According to Chad Moutray, Chief Economist at the National Association of Manufacturers (NAM), manufacturing production rebounded for the second straight month, rising by 3.8 percent and 7.2 percent in May and June, respectively.
“In June, all 19 major manufacturing sectors had increases in production, as the industry attempts to recover from steep declines since February,” said Moutray. “Yet, it will take a while for output to get back to prerecession levels. On a year-over-year basis, manufacturing has declined 11.2 percent, with durable and nondurable goods output down 14.3 percent and 7.4 percent, respectively.”
Manufacturing capacity utilization registered 60.0 percent in April, the lowest rate in the data’s history, which dates to January 1948, and it increased to 62.3 percent in May and 66.9 percent in June. It registered 75.2 percent in February.
Regionally, manufacturers in the New York and Philadelphia Federal Reserve Bank districts both reported expanding activity in July, with rebounding new orders and employment.
With the motor vehicle sector continuing to come back online, Michigan created the most net new manufacturing jobs in June. Other states with notable employment growth for the month included Ohio, Kentucky, California, Illinois and Indiana. Even with better data in May and June, however, there continue to be sizable declines in manufacturing employment due to COVID-19.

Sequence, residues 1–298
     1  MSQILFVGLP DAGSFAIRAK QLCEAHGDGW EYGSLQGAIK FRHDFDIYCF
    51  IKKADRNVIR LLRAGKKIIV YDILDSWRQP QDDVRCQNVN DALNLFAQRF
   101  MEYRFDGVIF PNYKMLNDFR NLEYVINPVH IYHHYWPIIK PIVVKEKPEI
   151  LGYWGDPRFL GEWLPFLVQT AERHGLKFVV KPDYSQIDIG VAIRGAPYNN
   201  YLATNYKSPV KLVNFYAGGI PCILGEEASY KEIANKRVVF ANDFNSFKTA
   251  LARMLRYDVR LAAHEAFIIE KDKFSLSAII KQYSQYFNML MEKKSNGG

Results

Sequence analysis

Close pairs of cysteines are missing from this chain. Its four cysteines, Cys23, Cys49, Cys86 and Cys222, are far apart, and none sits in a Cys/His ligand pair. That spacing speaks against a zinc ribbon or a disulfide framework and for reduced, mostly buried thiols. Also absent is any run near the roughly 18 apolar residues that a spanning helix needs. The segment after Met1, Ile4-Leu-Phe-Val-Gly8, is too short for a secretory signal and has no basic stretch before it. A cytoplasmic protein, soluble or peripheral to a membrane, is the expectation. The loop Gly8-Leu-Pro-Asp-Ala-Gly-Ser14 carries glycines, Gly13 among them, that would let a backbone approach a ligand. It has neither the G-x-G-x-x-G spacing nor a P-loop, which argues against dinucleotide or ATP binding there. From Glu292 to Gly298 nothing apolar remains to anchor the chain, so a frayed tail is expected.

Consumer spending at retailers rose 7.5 percent in June, extending the robust 18.2 percent gain in May. This suggests that Americans have continued to return to stores to make purchases after stay-at-home orders sent sales plummeting. With that said, the July data will be closely watched, as further expansion of the COVID-19 virus has led to renewed restrictions and closures in some areas of the country, which could lead to reduced demand and increased hesitance for many consumers.
Along those lines, consumer confidence dipped in July as Americans “reassess the likely economic impact from the coronavirus on their personal finances and on the overall economy.”
Consumer prices jumped 0.6 percent in June, led by higher prices for energy and food. Excluding food and energy, consumer prices increased 0.2 percent for the month. Overall, even with higher consumer costs in June, the data continue to reflect deflationary effects due to the COVID-19 outbreak and a global recession. Core inflation has risen 1.2 percent since June 2019, the same rate as in May and remaining the lowest since March 2011.